April Fooligan: “What’s Left?” April 2013, MRR #359

I’m secretly a Downton Abbey fan.

I’m really hooked on this upstairs/downstairs period drama set at the beginning of the 20th century in a fictional Yorkshire manor house. The Lord and Lady Grantham, head of the Crawley clan, and their plethora of servants are engaged, by turns, in soap opera, melodrama, intrigue, conspiracy, and the occasional actual tragedy set amidst the backdrop of a continent plunged into one of the bloodiest, most brutal wars that leaves Europe politically enervated, economically in crisis, and socially demoralized.

The stunning loss of life as a consequence of the war, in particular that of able-bodied young males, was followed by a devastating influenza pandemic which killed something like 1 in 3 people worldwide. The loss of meaning, the feeling of absurdity, the growing defection to hedonism, even nihilism, increasingly characterized individual behavior and collective relationships. Needless to say, the social trauma was both deep and broad. The bipolar post-war economy that brought, first, incredible heights of wealth, prosperity and ostentatious spending, particularly for the rich, followed by a global depression of mass unemployment, misery, poverty and often starvation, gave credence to the notion that capitalism was on its last legs. Interminable class warfare versus virulent nationalism appeared to be the result of capitalism’s inevitable demise. And the political consequences were equally apparent, from the dissolution of longstanding entities such as the Austro-Hungarian, Ottoman and Russian empires to the rise of international Communism through the Bolshevik revolution, not to mention the emergence of revolutionary fascism in Italy and Germany. Indeed, the profound radicalization of Left and Right during the interwar era belied the posture of standing pat defended by France and the United Kingdom, even as these great powers barely trod water.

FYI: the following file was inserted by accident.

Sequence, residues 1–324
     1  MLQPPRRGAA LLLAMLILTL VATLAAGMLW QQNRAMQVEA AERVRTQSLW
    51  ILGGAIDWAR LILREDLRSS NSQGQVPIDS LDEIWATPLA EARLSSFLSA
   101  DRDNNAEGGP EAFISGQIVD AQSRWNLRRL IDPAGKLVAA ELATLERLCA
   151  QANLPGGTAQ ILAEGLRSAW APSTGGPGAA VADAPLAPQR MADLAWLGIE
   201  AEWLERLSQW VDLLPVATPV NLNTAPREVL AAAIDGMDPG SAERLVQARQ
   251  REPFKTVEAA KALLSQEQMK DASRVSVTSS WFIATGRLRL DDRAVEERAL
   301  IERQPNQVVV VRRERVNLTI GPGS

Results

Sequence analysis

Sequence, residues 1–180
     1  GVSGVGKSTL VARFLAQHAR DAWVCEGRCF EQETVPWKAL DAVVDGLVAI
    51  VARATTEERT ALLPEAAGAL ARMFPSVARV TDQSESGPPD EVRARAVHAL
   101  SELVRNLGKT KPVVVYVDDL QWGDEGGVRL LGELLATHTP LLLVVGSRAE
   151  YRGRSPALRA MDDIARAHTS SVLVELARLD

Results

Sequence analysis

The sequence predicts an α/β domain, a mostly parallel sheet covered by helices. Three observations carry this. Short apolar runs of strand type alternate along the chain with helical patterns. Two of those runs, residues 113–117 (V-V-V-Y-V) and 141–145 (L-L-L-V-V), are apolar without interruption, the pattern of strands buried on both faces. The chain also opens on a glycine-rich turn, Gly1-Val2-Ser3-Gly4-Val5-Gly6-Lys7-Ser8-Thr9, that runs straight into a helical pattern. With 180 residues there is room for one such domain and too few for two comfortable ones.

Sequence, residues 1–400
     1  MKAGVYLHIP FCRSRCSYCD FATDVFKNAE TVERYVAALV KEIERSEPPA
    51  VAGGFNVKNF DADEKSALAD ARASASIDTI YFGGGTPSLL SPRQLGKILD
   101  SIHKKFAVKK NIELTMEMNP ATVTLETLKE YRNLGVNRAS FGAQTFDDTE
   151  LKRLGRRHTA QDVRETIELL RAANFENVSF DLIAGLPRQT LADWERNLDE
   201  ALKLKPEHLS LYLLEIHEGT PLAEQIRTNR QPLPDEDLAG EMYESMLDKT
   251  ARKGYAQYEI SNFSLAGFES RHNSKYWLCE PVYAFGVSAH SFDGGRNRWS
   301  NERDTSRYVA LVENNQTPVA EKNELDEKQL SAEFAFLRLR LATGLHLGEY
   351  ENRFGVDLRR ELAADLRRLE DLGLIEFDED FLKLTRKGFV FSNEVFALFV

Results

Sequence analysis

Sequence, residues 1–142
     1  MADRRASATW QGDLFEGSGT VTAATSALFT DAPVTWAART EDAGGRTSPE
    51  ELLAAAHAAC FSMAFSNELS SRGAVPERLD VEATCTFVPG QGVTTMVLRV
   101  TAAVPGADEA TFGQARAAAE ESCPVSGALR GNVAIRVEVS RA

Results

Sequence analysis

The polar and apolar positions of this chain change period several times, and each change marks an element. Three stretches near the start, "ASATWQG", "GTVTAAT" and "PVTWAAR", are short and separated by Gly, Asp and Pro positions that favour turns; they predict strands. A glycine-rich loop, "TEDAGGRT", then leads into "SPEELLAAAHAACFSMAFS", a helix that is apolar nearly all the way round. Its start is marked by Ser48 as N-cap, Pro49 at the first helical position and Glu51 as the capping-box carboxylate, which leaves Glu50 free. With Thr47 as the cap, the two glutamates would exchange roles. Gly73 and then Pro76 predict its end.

Alas, the commie pinko conceit of the old “Lefty” Hooligan is passe.